The strategy sets out how the whole-of-Government mission aims to significantly increase the numbers of drug and alcohol treatment places, and people in long-term recovery from substance addiction, to reverse the upward trend in drug-related deaths, and to bolster the crime prevention effort by reducing levels of offending associated with drug dependency. To achieve that, we are setting out a clear stance today that addiction is a chronic condition and that when someone has been drawn into drug dependency, they should be supported to recover. Of the £780 million, £530 million will be spent on enhancing drug treatment services, while £120 million will be used to increase the number of offenders and ex-offenders who are engaged in the treatment that they need to turn their lives around.
Treatment services are just one part of the support that people need to sustain a meaningful recovery, so we are investing a further £68 million for treatment and additional support for people with a housing need and £29 million for specialised employment support for people who have experienced drug addiction. That enhanced spending on drug treatment and recovery will also help to drive down crime by cutting levels of drug-related offending.
The harms caused by drug misuse are not distributed evenly across the country. Although our strategy is designed to deliver for the country as a whole, it is right that we target our investment so that the areas with the highest levels of drug use and drug-related deaths and crime are prioritised. That will be a key step in levelling up such areas and supporting them to prosper.
Local partners working together on our long-term ambitions will be key to the strategy’s success and we will develop a new set of local and national measures of progress against our key strategic aims, with clear accountability at national and local levels. We will also continue to work closely with our partners in the devolved Administrations to embed collaboration, share good practice and strengthen our evidence base in this UK-wide challenge.
The new strategy sets out our immediate priorities while also highlighting our longer-term goals. We want to see a generational shift in our society’s attitude towards drugs, which means reducing the demand for illegal drugs and being utterly unequivocal about the swift and certain consequences that individuals will face if they choose to take drugs as part of their lifestyle. We will improve our methods for identifying those drugs users and roll out a system of tougher penalties that they must face.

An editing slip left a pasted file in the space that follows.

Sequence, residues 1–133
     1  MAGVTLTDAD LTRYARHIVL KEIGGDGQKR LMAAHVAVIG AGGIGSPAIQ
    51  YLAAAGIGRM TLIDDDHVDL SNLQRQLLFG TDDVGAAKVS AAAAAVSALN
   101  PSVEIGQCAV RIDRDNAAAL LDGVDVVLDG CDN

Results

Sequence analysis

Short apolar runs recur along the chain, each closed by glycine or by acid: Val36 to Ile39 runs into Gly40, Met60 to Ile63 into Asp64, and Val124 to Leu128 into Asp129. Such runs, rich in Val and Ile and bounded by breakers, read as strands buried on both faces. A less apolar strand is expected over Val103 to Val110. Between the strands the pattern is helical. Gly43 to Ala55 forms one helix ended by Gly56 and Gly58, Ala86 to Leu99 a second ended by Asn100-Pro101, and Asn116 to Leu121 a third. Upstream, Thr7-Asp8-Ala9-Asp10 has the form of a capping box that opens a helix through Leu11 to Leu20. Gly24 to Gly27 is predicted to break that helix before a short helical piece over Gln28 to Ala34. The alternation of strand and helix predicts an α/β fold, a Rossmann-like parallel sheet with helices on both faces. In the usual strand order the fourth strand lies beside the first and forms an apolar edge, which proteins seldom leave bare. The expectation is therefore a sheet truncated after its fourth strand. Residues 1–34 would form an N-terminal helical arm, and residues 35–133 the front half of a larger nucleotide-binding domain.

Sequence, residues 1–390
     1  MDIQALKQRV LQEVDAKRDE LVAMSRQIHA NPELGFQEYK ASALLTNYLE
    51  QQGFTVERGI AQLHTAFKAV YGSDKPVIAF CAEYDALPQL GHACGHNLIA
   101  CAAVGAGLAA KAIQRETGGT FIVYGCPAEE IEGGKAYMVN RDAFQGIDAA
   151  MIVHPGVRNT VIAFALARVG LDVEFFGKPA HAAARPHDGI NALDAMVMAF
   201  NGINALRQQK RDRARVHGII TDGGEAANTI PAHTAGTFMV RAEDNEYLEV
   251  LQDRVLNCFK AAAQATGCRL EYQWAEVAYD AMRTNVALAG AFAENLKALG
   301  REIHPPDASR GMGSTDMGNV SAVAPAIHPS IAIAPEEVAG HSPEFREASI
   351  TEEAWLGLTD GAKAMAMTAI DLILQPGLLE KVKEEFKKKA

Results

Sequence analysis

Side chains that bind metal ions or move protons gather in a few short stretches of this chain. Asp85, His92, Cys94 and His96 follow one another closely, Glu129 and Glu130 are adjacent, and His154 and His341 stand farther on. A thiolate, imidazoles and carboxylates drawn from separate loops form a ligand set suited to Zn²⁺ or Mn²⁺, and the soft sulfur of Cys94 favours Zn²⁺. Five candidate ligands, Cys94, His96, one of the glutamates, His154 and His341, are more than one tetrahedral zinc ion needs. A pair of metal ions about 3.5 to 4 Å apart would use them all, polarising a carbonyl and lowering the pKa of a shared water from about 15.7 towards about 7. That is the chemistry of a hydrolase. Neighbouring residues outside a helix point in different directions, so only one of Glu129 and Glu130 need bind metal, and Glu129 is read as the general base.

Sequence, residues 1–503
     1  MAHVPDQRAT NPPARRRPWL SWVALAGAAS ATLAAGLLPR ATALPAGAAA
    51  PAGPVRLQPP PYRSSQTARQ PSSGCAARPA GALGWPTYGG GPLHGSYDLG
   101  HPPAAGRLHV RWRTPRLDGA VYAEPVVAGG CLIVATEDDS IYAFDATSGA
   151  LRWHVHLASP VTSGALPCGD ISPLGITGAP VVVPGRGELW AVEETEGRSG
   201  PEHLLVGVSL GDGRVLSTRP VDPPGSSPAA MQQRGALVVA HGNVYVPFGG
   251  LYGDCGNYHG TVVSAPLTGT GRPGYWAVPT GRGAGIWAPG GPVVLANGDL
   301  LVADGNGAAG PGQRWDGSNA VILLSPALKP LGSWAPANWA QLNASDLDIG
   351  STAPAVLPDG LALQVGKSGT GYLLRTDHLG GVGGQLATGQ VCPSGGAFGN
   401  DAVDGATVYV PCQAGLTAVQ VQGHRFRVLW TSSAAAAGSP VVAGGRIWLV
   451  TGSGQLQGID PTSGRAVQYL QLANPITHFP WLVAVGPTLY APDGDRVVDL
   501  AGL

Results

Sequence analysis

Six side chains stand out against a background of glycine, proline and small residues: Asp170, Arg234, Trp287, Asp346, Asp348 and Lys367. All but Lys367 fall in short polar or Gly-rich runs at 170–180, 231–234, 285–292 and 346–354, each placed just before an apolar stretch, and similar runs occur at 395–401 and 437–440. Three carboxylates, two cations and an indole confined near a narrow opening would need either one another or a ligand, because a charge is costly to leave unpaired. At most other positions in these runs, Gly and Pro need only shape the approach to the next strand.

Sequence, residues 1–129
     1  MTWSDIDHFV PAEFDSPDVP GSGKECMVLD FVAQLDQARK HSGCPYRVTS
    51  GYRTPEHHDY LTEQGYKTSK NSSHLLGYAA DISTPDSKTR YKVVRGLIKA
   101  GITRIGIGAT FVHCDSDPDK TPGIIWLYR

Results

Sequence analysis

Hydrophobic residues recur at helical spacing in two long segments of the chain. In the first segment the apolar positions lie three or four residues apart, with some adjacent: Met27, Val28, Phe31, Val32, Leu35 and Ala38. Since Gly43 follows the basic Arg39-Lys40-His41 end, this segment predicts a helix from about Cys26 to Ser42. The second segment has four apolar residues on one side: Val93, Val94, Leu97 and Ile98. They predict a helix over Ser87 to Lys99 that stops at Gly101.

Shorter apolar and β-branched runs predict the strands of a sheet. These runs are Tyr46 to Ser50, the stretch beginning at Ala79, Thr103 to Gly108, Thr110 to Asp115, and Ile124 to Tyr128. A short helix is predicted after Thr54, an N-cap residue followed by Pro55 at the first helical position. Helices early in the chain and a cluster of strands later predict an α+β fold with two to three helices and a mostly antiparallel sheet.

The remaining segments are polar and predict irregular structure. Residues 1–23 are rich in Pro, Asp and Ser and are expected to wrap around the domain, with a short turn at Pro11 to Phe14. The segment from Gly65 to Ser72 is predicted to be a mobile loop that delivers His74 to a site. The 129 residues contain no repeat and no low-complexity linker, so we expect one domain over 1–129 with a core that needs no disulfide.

Unlawful possession of drugs is a crime and we need to be clear that those who break the law should face consequences for their actions. That is why our commitment includes going even further in this mission with a White Paper next year to ensure that the penalties for recreational use are tougher and have a clear and increasing impact. Those penalties must be meaningful for the individual, which is why we are considering options such as increased powers to fine individuals, requirements to attend drug awareness courses, and other reporting requirements and restrictions on their movement, including—possibly—the confiscation of passports and driving licences.
Alongside that, our strategy commits to research, innovation and building a world-leading evidence base to achieve a once-in-a-generation shift in attitudes and behaviours. A new £5-million cross-Government innovation fund and a new research fund will start that decade-long journey. That will include a review by the Advisory Council on the Misuse of Drugs on how best to prevent vulnerable people from falling into drug use. A national drugs summit will be also held in spring next year to bring together experts, educators, businesses, law enforcement and Government to discuss the issue.
Preventing drug use is always a better route than dealing with the consequences of harms. The strategy also sets out our commitment to evaluating mandatory relationships, sex and health education in schools, and to supporting young people and families most at risk of substance misuse. The new strategy marks the start of a journey and we will publish annual reports to track progress against the ambitions contained in it.
Illegal drugs are the cause of untold misery across our society. The Government will not stand by while lives are being destroyed. This is about reducing crime, levelling up our country and, fundamentally, saving lives. Our new strategy sets out how we will turn the tide on drug misuse, and I commend this statement to the House.